Don't buy flu products online without your doctor's advice, or you'll probably get scammed.
That's the message today from Arizona Attorney General Terry Goddard.
Flu cases are at epic levels in Arizona. Last week alone there were 1,588 new cases of swine flu -- totaling 5,226 since April, according to statistics recently released by the Arizona Department of Health Services. As Arizona H1N1 cases continue to soar, people are looking toward "non-traditional" approaches to treatment -- and scammers are more than happy to oblige.
We Believe Local Journalism is Critical to the Life of a City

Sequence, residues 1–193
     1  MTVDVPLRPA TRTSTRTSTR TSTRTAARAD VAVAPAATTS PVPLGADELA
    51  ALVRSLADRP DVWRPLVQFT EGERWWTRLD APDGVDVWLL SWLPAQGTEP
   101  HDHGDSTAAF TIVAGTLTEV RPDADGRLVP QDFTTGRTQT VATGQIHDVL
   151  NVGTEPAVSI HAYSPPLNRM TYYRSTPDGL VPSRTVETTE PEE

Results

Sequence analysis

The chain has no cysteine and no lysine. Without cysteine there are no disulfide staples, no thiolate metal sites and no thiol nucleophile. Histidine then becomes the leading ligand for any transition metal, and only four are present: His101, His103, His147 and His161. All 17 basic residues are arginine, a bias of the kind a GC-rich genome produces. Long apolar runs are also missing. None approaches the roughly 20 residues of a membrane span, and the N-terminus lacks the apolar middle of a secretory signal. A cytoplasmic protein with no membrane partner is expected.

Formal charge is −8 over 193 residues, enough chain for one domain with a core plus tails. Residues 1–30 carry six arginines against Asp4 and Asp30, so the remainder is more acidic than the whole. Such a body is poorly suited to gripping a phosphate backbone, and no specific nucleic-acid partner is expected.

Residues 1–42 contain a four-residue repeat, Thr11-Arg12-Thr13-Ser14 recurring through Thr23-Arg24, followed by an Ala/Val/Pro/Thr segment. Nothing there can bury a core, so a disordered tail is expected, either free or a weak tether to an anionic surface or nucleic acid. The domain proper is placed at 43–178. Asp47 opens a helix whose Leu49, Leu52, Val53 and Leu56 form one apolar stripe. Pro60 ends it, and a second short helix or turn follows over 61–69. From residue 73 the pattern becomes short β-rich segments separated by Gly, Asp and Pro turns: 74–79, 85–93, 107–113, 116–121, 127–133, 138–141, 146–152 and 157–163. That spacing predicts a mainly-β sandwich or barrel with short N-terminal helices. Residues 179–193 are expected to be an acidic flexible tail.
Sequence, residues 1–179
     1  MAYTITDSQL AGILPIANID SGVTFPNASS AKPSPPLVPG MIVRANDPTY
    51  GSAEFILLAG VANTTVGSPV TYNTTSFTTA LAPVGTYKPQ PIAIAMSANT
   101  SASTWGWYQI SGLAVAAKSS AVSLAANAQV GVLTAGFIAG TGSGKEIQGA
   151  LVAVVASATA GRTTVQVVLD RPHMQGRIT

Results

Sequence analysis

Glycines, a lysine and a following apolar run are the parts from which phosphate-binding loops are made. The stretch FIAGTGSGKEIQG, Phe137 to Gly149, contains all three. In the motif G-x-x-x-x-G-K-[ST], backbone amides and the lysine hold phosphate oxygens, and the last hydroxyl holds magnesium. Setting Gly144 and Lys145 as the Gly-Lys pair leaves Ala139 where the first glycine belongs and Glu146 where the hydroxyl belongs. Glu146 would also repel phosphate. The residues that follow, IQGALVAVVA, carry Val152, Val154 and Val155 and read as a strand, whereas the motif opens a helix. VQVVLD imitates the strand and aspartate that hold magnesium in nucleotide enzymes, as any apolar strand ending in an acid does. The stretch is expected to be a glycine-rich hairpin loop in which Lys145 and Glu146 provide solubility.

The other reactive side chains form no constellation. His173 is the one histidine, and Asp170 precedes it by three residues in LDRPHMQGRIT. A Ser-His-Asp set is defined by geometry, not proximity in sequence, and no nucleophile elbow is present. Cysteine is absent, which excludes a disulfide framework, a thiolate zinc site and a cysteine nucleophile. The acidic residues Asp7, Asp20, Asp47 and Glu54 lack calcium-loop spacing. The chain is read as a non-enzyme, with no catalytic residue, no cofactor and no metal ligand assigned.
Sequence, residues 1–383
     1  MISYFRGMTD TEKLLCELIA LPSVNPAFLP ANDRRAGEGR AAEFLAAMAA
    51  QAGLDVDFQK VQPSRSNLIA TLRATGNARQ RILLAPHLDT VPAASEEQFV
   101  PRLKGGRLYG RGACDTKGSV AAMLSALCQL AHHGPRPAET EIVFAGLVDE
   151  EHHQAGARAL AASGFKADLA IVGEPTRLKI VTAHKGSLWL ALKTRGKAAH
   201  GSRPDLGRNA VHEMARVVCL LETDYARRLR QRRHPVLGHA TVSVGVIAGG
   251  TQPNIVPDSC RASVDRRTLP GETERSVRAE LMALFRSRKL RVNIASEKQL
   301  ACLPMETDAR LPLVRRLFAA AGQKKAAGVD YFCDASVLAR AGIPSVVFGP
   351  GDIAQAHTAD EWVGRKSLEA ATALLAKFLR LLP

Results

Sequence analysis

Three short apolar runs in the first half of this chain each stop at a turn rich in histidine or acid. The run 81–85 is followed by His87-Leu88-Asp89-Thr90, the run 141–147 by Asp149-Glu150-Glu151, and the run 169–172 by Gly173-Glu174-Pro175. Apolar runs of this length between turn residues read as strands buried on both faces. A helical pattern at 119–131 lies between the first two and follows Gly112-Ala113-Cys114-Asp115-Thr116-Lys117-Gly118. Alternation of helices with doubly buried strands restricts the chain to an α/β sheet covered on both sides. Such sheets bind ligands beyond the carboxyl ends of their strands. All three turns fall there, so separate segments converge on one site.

Engaging with our readers is essential to Phoenix New Times's mission. Make a financial contribution or sign up for a newsletter, and help us keep telling Phoenix's stories with no paywalls.
Support Our Journalism
Sham products range from phony pharmaceuticals, to dietary supplements, face masks, "magic" shampoos, "silver spray," and (our personal favorite) a photon machine that allegedly helps to boost the immune system.
The federal government has sent out warnings to more than 140 promoters of sham H1N1 "treatments," according to the AG's Office.
To avoid getting scammed, Goddard tells Arizonans to only buy items approved by the FDA, and only after first talking to their doctors.